The latest episode of the History Channel’s smash hit, Vikings, has spurred a lot of debate today about human sacrifice on several social media sites that I read. While we see the majority of human sacrificial remains dating from before the Viking Age, if Adam of Bremen is to be believed and some archeological evidence indicates that he should be, human sacrifice did continue into the Viking Age. The debate and arguments I’ve seen today have mostly focused on what kind of person was sacrificed. In last night’s episode, it is implied that the other eight men, in addition to Leif, are willing sacrifices and free men. This brought up the questions regarding academic discussion about human sacrifices being thralls or even criminals. This, of course, has lead to some heated arguments over why you would sacrifice something of such little value.
It seems to me that we need to go back and look at the concept of worth again, which it seems lately I am talking about a lot in my social circles. Today, worth is just another synonym for financial value. This is not, however, the concept our ancestors had when talking about being worthy. Worth is a social construct, not a financial consideration. Being a person of worth means that you are a person who is held in esteem because you are a positive influence in society and a benefit to your community. It also means that you are free folk and not a thrall. By the very nature of being a thrall, you are worthless but you are not without value. The Icelandic law code Grágás placed the price of a slain thrall as equal to that of one head of cattle. Slavery is ugly, but it was a fact of life back then, and a thrall was a possession, not a person. The nature of being a possession meant that you had no place in society and therefore could not be a person of worth. Your owner might appreciate your hard work and free you, at which point you could then earn real worth for yourself, but thralls did not have any intrinsic worth, only value.
A criminal, or outlaw, on the other hand is both worthless and without value. An outlaw could be slain and no recompense need be paid to their kin. The nature of their actions that lead to their outlawry also shows that they were damaging to society and thus were also without worth. They lived on the very fringe of society, a target for anyone who thought himself brave and strong enough to kill you. In the case of lesser outlawry, which had a term of three years, you regained both value and worth once it was lifted. With greater outlawry, which was permanent, no such return was possible.
So, why would these kinds of people make for “good” sacrifices and be a better choice than a free man who volunteers? In truth, they wouldn’t, but it is also far less likely that a free man would volunteer to die when an outlaw or thrall could go in his place. Our ancestors were pragmatic and it’s not a hard conclusion to reach. So, doesn’t this imply that the most likely kind of human sacrifice was somehow a rip off and not worthy of our gods? No, it doesn’t, but the reason for this requires some analysis.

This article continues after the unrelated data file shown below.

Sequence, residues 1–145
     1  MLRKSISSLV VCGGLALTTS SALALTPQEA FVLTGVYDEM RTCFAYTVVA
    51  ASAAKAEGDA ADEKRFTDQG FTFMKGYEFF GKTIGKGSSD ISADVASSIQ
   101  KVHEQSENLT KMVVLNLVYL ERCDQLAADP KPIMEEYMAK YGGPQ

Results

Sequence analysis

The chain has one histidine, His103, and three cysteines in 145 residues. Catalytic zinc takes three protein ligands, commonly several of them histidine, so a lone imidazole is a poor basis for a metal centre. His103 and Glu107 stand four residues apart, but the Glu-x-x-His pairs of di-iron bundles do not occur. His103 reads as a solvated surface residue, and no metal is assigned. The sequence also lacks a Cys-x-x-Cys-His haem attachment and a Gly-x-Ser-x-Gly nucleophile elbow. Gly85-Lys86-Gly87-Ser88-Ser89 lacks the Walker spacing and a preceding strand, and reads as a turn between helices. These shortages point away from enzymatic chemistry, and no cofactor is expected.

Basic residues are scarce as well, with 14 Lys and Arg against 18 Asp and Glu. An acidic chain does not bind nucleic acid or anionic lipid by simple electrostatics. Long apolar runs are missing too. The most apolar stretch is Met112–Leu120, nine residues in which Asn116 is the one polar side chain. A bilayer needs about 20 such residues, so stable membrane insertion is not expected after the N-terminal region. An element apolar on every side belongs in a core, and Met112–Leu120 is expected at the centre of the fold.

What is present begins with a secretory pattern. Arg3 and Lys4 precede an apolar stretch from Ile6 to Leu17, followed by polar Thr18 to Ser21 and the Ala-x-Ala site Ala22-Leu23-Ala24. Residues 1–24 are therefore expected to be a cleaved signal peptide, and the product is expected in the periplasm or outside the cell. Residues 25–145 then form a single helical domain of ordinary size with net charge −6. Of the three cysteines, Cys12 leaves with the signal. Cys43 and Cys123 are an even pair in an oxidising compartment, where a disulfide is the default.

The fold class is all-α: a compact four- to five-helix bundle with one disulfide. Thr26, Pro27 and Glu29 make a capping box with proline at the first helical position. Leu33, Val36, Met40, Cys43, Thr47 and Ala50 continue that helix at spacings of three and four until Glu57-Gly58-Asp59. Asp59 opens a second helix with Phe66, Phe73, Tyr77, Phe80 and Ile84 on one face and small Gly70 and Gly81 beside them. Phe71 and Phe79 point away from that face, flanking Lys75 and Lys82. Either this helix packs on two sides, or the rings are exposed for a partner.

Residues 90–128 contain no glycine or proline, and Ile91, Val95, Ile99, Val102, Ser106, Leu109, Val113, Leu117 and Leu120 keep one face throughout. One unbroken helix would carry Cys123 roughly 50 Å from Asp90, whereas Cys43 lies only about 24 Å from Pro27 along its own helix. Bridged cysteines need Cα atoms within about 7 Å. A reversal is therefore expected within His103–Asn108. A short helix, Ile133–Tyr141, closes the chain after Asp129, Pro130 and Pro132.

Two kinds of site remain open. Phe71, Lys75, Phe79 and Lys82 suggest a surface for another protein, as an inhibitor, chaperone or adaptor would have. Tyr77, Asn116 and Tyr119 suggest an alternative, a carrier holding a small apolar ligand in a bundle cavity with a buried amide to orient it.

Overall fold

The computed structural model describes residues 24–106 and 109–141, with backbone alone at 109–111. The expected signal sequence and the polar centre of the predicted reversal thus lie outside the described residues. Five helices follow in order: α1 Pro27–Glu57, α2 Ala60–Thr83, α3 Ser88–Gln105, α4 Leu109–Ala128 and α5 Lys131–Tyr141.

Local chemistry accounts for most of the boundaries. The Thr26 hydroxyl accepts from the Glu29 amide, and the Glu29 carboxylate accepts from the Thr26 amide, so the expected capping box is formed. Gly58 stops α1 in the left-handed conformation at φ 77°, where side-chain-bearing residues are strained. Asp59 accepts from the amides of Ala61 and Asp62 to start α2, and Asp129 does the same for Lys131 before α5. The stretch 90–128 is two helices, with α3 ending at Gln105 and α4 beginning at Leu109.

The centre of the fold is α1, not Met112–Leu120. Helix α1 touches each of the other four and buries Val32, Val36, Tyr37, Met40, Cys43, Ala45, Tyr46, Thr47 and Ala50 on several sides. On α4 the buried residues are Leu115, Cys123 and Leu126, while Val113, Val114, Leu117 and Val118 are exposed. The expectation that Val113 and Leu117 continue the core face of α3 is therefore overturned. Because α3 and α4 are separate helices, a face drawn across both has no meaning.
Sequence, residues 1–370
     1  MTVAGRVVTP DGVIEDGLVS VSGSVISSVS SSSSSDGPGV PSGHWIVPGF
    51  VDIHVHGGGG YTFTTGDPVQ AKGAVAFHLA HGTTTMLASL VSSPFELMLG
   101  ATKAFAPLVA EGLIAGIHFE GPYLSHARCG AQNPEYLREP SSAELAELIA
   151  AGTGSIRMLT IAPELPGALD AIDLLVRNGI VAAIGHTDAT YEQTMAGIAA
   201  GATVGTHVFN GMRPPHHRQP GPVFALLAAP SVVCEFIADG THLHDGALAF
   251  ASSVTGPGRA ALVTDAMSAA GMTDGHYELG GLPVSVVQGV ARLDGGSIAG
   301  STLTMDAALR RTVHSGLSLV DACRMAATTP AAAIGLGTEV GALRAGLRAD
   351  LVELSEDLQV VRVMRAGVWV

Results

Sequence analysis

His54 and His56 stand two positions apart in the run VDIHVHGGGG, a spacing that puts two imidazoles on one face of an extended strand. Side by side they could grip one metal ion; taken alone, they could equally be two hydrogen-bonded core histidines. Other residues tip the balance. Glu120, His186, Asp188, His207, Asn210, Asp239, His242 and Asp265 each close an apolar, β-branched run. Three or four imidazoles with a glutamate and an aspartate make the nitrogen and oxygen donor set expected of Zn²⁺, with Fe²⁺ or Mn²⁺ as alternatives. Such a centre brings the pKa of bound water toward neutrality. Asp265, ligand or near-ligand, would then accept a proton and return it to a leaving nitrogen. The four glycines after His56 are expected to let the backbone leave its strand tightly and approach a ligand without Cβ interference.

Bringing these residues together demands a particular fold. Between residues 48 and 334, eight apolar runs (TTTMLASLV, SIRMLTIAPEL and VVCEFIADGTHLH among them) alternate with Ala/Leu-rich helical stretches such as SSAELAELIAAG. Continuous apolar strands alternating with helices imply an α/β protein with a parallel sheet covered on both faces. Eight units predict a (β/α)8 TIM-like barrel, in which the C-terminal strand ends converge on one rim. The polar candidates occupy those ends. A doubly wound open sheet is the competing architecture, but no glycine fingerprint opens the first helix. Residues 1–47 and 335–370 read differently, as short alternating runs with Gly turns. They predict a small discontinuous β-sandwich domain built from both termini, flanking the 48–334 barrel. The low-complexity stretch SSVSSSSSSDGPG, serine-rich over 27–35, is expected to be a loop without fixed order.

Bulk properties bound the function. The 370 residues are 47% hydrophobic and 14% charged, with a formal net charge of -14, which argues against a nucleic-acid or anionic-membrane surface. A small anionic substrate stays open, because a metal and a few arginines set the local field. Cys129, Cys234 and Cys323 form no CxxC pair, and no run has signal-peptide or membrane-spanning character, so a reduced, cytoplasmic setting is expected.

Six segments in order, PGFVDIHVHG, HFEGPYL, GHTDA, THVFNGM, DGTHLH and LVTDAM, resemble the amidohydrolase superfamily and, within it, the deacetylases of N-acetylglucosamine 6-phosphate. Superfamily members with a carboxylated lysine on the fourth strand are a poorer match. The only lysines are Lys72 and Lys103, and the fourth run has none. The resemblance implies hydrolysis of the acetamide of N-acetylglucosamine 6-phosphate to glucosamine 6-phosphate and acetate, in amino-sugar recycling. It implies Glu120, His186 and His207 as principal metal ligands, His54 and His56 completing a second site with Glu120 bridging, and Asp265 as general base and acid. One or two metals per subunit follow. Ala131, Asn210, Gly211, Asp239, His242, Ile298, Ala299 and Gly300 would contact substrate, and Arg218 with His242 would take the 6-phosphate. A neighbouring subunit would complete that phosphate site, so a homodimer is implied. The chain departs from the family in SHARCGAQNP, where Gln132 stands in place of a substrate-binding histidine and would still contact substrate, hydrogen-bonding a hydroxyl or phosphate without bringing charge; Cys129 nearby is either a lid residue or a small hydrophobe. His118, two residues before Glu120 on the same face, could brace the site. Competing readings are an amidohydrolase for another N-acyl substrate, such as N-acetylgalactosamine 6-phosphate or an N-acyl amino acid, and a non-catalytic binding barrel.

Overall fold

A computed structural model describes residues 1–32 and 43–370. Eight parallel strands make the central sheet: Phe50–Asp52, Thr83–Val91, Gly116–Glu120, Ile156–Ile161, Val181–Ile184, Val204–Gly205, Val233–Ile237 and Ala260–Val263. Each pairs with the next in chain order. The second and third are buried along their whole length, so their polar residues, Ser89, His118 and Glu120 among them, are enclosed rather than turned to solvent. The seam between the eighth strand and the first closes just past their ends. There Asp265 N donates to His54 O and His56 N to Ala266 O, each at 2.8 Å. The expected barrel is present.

A thrall would be no different from a goat, a pig, or a cow. We know that these were considered good sacrifices. In fact, you could argue that the best sacrifice of living property would be a hearty thrall. They could serve the gods in death as they served their master in life. Their lifeblood would sustain the community in the same way as the lifeblood of any animal. In fact, it would be a gift for which only the gods benefitted from, as you could not consume the body in a sacred feast as you would with a cow, pig, or goat. The gods get everything. The trickier question arrives from discussing the sacrifice of an outlaw. In the case of a criminal, they are of no social worth but the act of sacrifice imparts them with some worth as their blood, their life force, goes to benefitting the society they were otherwise a destructive force for. It takes something useless and makes it useful. While we see little in the way of formalized capital punishment in the old law codes, we do know it occurred. This is, in fact, a method for creating socially and religiously beneficial means of execution. It is, again, a pragmatic solution. You take someone who has no worth and no value and imbue their life with some meaning that benefits society rather than just killing them and letting them rot as worthless and wasted souls.
Now, I must grant that this is speculative, as we do not know what theological elements existed around such acts. I have found, however, that it is a compelling argument that could shed some light on a practice that we do not fully understand. Even if outlaws were not sacrificed, the possibility of thralls being the most likely human offering makes the most sense to me, and in the case of Vikings, it also makes sense why Ragnar would offer up Athelstan, who is not a free man. There are other arguments, of course, and I am not saying that this is the correct answer, only that if we think about it in these terms, it makes seems to make more sense and sheds light on an ancient custom that we just don’t understand today.